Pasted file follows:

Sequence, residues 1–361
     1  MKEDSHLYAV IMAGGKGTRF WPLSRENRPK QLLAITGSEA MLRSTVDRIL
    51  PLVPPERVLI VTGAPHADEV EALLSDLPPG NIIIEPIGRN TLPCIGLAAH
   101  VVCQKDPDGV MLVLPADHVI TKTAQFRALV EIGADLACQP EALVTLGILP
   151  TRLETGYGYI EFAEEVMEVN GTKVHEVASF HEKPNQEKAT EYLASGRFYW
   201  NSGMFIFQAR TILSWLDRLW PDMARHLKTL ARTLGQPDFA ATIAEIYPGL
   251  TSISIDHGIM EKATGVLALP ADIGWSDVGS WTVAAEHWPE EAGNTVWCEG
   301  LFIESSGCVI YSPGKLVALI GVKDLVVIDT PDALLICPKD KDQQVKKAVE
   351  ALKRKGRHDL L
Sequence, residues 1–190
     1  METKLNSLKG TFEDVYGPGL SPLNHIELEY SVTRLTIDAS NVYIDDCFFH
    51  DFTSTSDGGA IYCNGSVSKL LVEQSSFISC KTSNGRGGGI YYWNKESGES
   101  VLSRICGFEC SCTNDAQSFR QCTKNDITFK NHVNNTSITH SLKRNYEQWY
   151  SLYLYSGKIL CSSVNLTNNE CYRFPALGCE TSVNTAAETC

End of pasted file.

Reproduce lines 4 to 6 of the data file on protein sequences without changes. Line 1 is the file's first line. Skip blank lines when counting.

   101  VVCQKDPDGV MLVLPADHVI TKTAQFRALV EIGADLACQP EALVTLGILP
   151  TRLETGYGYI EFAEEVMEVN GTKVHEVASF HEKPNQEKAT EYLASGRFYW
   201  NSGMFIFQAR TILSWLDRLW PDMARHLKTL ARTLGQPDFA ATIAEIYPGL